Third Avenue Real Estate Value Fund commentary for the third quarter ended July 31, 2016.

Dear Fellow Shareholders:

We are pleased to provide you with the Third Avenue Real Estate Value Fund’s (the “Fund”) report for the quarter ended July 31, 2016.

Third Avenue Small-Cap Value Fund

Third Avenue Real Estate Value Fund – Portfolio Activity

The day after the United Kingdom (“U.K.”) held its referendum on whether or not to remain in the European Union (“EU”), the adage ‘Sell in May and go away’ seemed like prescient advice.With a majority of the U.K. voters unexpectedly electing to leave the EU, the reality of a ‘Brexit’ finally set in, leading to a great deal of uncertainty on how the process would play out and sharp declines in the prices of most U.K.equities as well as the British pound. In fact,prices for the common stocks of most U.K. property companies were trading at levels 25-35% lower than they had been (in U.S.Dollar terms) only days before. We have never been “market timers”. Instead,we invest when the securities of well-financed companies can be purchased at substantial discounts to conservative estimates of Net Asset Value (“NAV”). In this case, the Third Avenue Real Estate Value Fund emerged as an active buyer of U.K.property stocks in the days after the vote,accounting for the bulk of the portfolio changes during the period.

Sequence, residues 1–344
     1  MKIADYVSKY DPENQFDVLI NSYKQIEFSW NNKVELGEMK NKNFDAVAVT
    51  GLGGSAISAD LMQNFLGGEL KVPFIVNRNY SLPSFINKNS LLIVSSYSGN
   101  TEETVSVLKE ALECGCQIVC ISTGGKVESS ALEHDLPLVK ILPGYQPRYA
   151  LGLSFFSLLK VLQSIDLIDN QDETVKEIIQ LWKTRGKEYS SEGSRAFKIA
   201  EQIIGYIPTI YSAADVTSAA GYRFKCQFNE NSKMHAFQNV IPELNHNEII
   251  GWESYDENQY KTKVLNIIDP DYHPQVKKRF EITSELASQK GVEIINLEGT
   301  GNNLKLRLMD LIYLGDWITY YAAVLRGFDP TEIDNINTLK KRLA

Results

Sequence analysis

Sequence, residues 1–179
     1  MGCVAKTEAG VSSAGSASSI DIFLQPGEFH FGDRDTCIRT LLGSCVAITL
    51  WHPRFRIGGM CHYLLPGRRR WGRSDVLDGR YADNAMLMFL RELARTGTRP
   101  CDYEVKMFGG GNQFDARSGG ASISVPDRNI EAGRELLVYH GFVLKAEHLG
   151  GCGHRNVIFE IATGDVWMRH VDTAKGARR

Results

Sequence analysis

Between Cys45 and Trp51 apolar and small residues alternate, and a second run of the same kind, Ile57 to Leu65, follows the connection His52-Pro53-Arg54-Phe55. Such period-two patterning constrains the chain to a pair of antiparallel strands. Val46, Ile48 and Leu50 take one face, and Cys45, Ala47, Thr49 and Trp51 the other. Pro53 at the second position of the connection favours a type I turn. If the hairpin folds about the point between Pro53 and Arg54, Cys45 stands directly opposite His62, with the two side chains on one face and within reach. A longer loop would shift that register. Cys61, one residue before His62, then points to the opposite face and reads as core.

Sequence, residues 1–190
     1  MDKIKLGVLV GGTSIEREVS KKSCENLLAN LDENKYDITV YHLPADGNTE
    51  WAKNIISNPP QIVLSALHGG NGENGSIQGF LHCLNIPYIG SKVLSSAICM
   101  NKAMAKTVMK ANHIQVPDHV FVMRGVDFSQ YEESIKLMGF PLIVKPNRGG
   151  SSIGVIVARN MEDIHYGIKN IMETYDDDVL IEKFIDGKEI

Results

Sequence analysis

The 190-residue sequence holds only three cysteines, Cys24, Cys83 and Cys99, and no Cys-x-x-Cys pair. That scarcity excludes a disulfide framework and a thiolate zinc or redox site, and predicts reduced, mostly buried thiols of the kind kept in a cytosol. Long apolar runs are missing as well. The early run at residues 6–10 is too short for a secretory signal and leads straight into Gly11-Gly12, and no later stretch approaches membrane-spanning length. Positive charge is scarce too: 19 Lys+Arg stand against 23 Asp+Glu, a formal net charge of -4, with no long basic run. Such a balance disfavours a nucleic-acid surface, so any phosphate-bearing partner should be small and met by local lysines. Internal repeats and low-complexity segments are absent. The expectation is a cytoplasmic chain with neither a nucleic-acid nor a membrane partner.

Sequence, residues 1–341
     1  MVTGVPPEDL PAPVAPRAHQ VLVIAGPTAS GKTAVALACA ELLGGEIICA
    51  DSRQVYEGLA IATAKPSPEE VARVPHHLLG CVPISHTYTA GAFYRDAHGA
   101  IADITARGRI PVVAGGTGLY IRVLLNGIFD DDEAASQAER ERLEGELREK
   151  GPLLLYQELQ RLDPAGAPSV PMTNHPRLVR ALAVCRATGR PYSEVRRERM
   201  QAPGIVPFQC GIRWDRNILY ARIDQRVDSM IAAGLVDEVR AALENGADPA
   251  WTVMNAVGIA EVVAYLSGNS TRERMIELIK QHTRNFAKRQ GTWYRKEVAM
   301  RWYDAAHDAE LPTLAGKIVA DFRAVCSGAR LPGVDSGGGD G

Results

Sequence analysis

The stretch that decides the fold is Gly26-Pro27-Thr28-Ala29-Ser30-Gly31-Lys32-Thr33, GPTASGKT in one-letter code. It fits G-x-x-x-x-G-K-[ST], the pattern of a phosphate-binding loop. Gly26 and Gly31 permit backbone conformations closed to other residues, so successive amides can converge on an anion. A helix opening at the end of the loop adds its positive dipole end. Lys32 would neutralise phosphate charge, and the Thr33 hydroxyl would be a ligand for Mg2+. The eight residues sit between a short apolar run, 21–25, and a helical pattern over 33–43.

As we wrote about in the previous quarterly letter, the Third Avenue Real Estate Value Fund has been invested in the U.K. for more than a decade. At certain times the Fund has even had nearly 20%of its capital invested in the U.K.as it has been our long-held view that it is one of the premier property markets for long-term investors.This is especially the case for London where real estate investors enjoy strong property laws, favorable lease terms, strict zoning ordinances which limit new supply, steady occupier demand from both domestic and multi-national tenants,and a transparent and robust transaction market.The Fund’s exposure to the U.K.had been reduced materially in recent years, though,as certain companies were privatized (Songbird Estates, Quintain Estates & Development) or positions were either sold (Berkeley Group,Taylor Wimpey, Bellway) or reduced in size for valuation reasons (Hammerson, Segro, and Savills). As a result,approximately 7% of the Fund’s capital was invested in the U.K.earlier this year with the view that the U.K.exposure could go back to approximately 15% of the Fund’s capital should a vote for Brexit occur leading to even more substantial discounts to NAV.